This hill is located to one side of the historical center. It is known as El Panecillo due to the resemblance that the ... More
Cerro El Panecillo
This hill is located to one side of the historical center. It is known as El Panecillo due to the resemblance that the Spaniards noticed between the hill and a type of small bread (panecillo). The Spanish conquistadors built a small fortress from 1812 to 1815, as well as a water tank at the top in order to provide their soldiers with the precious liquid. The focal point of the peak is the Virgen de Legarda, an impressive sculpture that can be seen from any point of the city. It is better known as La Virgen del Panecillo. It is recommendable to take a taxi to ascend all the way to the top of the hill. There are also various places to purchase hand-made crafts in the vicinity.
You can see El Panecillo from most of Quito, because it's on a hill in pretty much the middle of Quito. Also known as the Virgin of Quito, she is the only virgin with wings. Don't attempt to walk to El Panecillo because 1)the neighborhood surrounding it is known to be dangerous to tourists and 2)it is pretty darn far because you would have to walk in a spiral up the hill. Take a taxi from El Centro (Old Colonial Quito) at La Marin (where all the buses cogregate on the east side of El Centro). It should cost about $5-6, and for that amount the taxi driver will drive you up the hill, wait for half an hour while you take in the view and take photos, and then drive you back again. Be sure you negotiate the terms of the ride before you get in the taxi. The view from El Panecillo is spectacular, and the sculpture of the Virgin is enormous -- it looks much bigger when you're right next to it, rather than across town.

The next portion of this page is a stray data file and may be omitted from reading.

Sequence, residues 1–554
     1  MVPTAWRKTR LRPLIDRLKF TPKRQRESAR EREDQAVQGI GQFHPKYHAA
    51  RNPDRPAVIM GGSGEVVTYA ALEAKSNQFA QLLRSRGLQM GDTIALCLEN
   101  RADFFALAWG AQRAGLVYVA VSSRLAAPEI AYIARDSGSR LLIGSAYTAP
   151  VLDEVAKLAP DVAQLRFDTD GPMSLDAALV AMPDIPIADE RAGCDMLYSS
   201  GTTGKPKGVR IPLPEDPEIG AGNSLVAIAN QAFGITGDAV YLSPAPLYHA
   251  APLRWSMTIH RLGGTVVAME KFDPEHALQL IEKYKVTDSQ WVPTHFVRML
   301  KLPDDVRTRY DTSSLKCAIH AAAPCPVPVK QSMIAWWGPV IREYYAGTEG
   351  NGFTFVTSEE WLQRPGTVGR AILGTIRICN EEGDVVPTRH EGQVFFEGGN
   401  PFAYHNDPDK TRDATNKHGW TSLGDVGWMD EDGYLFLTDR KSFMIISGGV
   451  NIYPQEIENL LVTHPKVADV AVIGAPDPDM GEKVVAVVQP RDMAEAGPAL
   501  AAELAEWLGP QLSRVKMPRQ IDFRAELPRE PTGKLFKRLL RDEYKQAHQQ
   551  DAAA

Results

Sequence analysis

The Panecillo offer and exceptional view of Quito. The hill on which the statue sits maintains a great view, but if you are willing to pay a small fee for entracne to the statue and parking (you should drive the frustrating raod to teh Panecillo to prevent being mugged during teh hike up the hill), you can climb to the observation platform at the base of the actually statue. Inside are pictures of the construction as well as stained glass. On the platform, there is an unobstructed view, except for the tourists, of Quito, as well as a closer encounter with the statue. In my three months in Ecuador, I enjoyed traveling to the different cities and ascending to the various statues that display the Catholic devotion of the Ecuadorians as well as sweeping views of the cities, teh best of which is the Panecillo in Quito.
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